It is significant, and relevant to our argument about PV’s centrality to the reform process, that as prime minister he not only retained the industries portfolio but also kept the Ministry of Civil Supplies and Public Distribution under his charge.

The now famous national rural employment guarantee programme (NREGA) had its initial launch during PV’s tenure as prime minister.

We cannot understand 1991 without understanding the role of the political leadership that made the policy changes of 1991 possible.

In that fateful year, India saw new political leaders emerge out of the shadows of the Delhi durbar, who set a different course for the country to follow. Equally responsible for political and economic change were global whirlwinds of various sorts…But without doubt, the central character was PV. The year made him. He made the year. For India, it was a turning point.

If most of us recognise the major landmarks of global or national history in our lifetime “it is not because all of us have experienced them, even been aware at the time that they were landmarks. It is because we accept the consensus that they are landmarks,” wrote historian Eric Hobsbawm. For some time now the consensus within public and academic discourse has been that the year 1991 marked a turning point in contemporary Indian history. It was a landmark year.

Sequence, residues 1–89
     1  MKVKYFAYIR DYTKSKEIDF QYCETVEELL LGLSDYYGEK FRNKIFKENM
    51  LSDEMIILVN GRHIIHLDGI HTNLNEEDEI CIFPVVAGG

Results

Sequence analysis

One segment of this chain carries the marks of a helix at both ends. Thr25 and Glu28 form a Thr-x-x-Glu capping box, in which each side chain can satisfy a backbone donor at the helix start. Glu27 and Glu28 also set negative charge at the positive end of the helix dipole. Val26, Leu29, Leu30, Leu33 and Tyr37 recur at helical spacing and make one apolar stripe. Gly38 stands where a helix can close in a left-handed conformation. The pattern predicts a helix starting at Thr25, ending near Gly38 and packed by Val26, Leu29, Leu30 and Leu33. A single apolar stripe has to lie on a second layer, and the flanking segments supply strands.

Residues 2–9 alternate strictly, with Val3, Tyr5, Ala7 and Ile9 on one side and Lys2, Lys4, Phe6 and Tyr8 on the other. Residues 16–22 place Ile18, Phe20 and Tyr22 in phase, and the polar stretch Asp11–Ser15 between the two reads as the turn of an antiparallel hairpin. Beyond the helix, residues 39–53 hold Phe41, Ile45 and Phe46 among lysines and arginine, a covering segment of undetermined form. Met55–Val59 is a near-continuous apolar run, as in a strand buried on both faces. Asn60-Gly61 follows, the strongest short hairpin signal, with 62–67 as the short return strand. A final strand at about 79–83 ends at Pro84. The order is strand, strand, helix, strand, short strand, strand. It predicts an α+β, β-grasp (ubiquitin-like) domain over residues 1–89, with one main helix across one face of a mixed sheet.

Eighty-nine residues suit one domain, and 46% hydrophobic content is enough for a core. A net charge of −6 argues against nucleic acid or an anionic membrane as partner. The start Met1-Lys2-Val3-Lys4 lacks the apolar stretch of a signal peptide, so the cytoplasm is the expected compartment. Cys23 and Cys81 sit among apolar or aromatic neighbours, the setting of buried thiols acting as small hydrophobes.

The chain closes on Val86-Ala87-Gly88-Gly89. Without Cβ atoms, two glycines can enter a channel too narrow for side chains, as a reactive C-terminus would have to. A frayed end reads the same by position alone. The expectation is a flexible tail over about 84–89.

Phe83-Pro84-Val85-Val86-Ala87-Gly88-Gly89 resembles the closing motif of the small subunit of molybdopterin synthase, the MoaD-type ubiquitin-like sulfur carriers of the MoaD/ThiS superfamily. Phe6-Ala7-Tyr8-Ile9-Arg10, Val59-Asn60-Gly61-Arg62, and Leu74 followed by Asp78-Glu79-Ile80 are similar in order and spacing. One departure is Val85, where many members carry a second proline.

And yet, the commonplace view is that 1991 was eventful because of an economic crisis that forced India to take a new turn in its economic policies. But 1991 was about more than just that. It was also the year in which Rajiv Gandhi was assassinated and the Soviet Union imploded. In that dark hour, a diminutive, uncharismatic Congressman rose to the occasion.

PV was India’s first “accidental” prime minister, and a path-breaking one. He took charge of the national government and restored political stability; assumed leadership of the Congress, proving that there was hope beyond the Nehru-Gandhi dynasty; pushed through significant economic reforms; and steered India through the uncharted waters of the post-Cold War world.

PV not only ruled a full term but his policies ushered in a new era and gave new direction to national politics. He was an unlikely prime minister but a seminal one. Unlike the many short-lived prime ministers before him –Gulzarilal Nanda (May-June 1964, 11-24 January 1966), Morarji Desai (March 1977-July 1979), Charan Singh (July 1979-January 1980), Vishwanath Pratap Singh (December 1989-November 1990) and Chandra Shekhar (November 1990- June 1991) – PV was not even a Member of Parliament on the day he was named India’s twelfth prime minister.